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Are Scriptural Reasons Really That Important for Church Membership?


In emphasizing the need to have scriptural reasons behind church membership, you may be surprised to learn that there is actually pushback. We live in a time when scripture is thought of as good, but not authoritative. Some contend that Jesus came so that we don’t really need to concern ourselves with these sorts of details. Others say that it is all about love so as long as we are happy in the church we are in, then God is happy. Even among those who would say they stand on the Bible, rarely are they concerned with proving their church is legitimate by the Bible.


I want to share some points on why it is extremely important for us to make sure that we have scriptural reasons behind church membership.


To begin, lets first define what we mean by “scriptural reasons”. By scriptural, I mean we should be able to go to the words that have been recorded for us in the Bible to prove the validity of a church (2 Tim 3:16-17).


By reasons I mean the “causes, justifications, or explanations” for being a member of a specific church. I also want to point out that we should have scriptural reasons, and not just a scriptural reason. For instance, a church may say, “We believe that Jesus is Lord.” Is that scriptural? Yes. However, they may go on to say, “We need to keep the sabbath day holy.” This is unscriptural. It doesn’t do us any good to try and find scripture to prove the validity of a church and then overlook its unscriptural components. The totality of God’s word is the truth, not just one verse (Psalm 119:160).


Today, thought has been replaced by feelings. People rarely say, “I think” anymore. Instead, they begin express their beliefs by saying, “I feel”. There is a place for feeling, but those feelings must be governed by the truth. Jesus said we will be set free by “know[ing] the truth” (John 8:32). We are never told to let our feelings guide our way towards the truth. But we are instructed to diligently study it (2 Tim 2:15).


The first point I would like to make is based on simple logic. It is a line of reasoning that cannot be gainsaid.


Premise 1: Scripture should be used in every decision we make (Col 3:17, 2 Peter 1:3).

Premise 2: We decide what church we will be members of.

Conclusion: Scripture should be used to decide what church we will be members of.


The second point is based from 1 Corinthians 14:33, “God is not the author of confusion”. The denominational model of christianity today is confusing. Jesus prayed for his followers to be one(John 17:21), He condemns division (1 Cor 1:10), and He makes it clear that not all churches are His (Rev 2:5). Yet we have a multitude of different churches saying everyone is ok. The confusion comes from turning to something that God did not author (unscriptural reasons). If we turn to what God did author (the Bible), it will remove confusion. This is what Jesus prayed for.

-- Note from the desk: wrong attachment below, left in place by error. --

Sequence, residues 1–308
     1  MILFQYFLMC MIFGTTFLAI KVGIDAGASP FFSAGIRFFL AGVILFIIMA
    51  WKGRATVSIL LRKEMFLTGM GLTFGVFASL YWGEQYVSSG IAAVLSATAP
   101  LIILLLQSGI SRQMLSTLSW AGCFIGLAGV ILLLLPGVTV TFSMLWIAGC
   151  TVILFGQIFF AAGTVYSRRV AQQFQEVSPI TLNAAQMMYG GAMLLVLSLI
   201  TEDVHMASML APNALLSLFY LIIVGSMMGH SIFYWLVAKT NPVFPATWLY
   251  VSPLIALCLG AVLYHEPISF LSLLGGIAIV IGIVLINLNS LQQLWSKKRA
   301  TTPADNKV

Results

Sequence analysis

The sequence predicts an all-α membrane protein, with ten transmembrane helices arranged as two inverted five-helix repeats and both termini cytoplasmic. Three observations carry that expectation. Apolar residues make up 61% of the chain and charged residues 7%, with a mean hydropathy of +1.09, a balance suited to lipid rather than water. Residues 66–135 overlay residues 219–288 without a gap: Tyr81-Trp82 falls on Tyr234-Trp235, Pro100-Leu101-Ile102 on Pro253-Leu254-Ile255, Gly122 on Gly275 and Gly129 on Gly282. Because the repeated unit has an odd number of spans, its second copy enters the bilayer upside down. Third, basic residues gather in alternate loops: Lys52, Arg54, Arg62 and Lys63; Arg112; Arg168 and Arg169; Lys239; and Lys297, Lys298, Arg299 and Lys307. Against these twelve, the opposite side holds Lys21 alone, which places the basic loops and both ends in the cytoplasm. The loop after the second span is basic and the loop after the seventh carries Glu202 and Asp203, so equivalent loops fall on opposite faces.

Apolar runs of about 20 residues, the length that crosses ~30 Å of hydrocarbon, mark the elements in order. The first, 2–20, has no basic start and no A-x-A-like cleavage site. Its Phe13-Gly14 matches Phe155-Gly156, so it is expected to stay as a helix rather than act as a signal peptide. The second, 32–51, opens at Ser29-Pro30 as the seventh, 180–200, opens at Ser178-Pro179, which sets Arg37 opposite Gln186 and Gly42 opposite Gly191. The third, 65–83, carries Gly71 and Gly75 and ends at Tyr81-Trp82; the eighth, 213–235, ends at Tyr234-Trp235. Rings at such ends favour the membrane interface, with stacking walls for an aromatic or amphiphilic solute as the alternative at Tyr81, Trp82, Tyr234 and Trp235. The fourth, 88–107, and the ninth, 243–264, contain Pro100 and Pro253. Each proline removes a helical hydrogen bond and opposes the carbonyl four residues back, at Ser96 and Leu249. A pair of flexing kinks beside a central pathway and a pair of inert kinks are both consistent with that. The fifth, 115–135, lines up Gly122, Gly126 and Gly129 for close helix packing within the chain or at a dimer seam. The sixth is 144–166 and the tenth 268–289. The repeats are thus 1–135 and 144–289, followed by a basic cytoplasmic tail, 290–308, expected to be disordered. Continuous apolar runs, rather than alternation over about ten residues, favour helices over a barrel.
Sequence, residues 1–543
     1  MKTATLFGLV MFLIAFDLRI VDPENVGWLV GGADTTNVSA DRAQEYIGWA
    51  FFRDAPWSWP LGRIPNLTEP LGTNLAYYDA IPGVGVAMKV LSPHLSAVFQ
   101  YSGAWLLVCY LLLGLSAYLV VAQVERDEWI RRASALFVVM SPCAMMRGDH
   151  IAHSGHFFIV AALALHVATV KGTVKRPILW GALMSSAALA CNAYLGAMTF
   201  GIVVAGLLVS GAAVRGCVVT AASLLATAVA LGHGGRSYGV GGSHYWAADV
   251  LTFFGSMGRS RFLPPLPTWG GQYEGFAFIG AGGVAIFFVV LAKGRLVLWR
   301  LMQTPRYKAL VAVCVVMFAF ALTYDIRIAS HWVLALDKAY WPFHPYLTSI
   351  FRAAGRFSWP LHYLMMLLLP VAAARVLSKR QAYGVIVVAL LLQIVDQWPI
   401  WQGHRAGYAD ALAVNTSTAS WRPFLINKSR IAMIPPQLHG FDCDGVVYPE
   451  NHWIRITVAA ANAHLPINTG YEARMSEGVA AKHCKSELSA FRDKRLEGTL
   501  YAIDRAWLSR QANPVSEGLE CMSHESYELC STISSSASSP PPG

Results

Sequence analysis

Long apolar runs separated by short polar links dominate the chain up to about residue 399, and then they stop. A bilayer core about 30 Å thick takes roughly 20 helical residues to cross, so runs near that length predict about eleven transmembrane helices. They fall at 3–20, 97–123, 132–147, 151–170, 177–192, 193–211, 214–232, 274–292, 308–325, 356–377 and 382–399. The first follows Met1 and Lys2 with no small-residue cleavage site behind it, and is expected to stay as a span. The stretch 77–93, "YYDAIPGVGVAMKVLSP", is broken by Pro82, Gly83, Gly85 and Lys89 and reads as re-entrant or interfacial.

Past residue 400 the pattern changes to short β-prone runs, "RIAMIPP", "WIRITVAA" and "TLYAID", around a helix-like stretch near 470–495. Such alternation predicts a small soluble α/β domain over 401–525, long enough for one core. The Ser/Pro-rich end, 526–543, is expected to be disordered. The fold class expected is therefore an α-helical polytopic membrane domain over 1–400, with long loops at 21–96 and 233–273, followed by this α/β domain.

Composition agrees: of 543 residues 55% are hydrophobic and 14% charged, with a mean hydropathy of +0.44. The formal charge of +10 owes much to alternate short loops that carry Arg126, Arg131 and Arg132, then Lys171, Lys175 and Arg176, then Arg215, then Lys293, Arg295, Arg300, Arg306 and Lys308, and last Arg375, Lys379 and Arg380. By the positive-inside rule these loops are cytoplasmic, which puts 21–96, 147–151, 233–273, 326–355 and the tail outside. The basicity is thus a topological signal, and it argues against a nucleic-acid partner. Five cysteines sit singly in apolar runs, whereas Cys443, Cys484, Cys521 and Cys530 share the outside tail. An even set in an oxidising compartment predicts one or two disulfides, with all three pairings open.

The third point is based on the historical fact that the first members of the church of Christ became members because of scriptural reasons. The Lord’s church began on the day of Pentecost in Acts 2. Upon obeying the instructions of Peter to “repent and be baptized” (Acts 2:38), Jesus added them to His church (Acts 2:42,47). When you examine the points that Peter made in his sermon, it is easy to see that he provided scriptural reasons. He quotes from Joel 2, Psalm 16, and Psalm 110. Not only does he quote the scriptures, the majority of rest of the lesson is the explanation of those passages. The first example of people becoming members of the Lord’s church involves them first hearing scriptural reasons.


Fourth, 1 Timothy 3:15 teaches that the church is “the pillar and ground of the truth”. The picture here is that the church of Christ will hold up the truth. That involves defending and spreading the truth. It involves holding up the truth when someone asks us why we should be members of this church. Peter said we should always be ready to give a defense for the hope within us (1 Peter 3:15). Defend it how? By providing scriptural reasons.


Fifth, we are commanded to give scriptural reasons. Titus 2:1 says, “But speak thou the things which befit the sound doctrine.” Sound doctrine is the scriptural teaching that the church is supposed to propagate (2 Tim 3:16). We won’t find a scripture telling us to provide personal reasons for church membership.


Sixth, we should seek scriptural reasons because of what unscriptural reasons lead to. When unscriptural reasons are behind a church, the worship that they are offering to God is vain (Matt 15:9). That means it is worthless. Unscriptural churches will be rooted up (Matt 15:13) and accursed from Christ (Gal 1:6-9). The perceived good of an unscriptural church is actually of no value (Col 2:22-23). An unscriptural church will cause the members of that church to be lost and all those they influence (2 John 1:9-10). The unscriptural reasons will transition into valued traditions that will keep even their own children and grandchildren from seeing the truth in the future (2 Cor 3:14-18).


In conclusion, we must “Give diligence to present thyself approved unto God, a workman that needeth not to be ashamed, handling aright the word of truth” (2 Tim 2:15). To simplify it for our point… We need to prove it with the Bible. Prove that our way of living is right with the Bible. Prove our salvation is true according to the Bible. Prove that we are members of the Lord’s Church with the Bible. Do it now, or be ashamed in the future.


Note: This series of articles dealing with the reasons to be a member of the Lord's church is highly influenced by the book "Why I am A Member Of The Church of Christ" by Leroy Brownlow.

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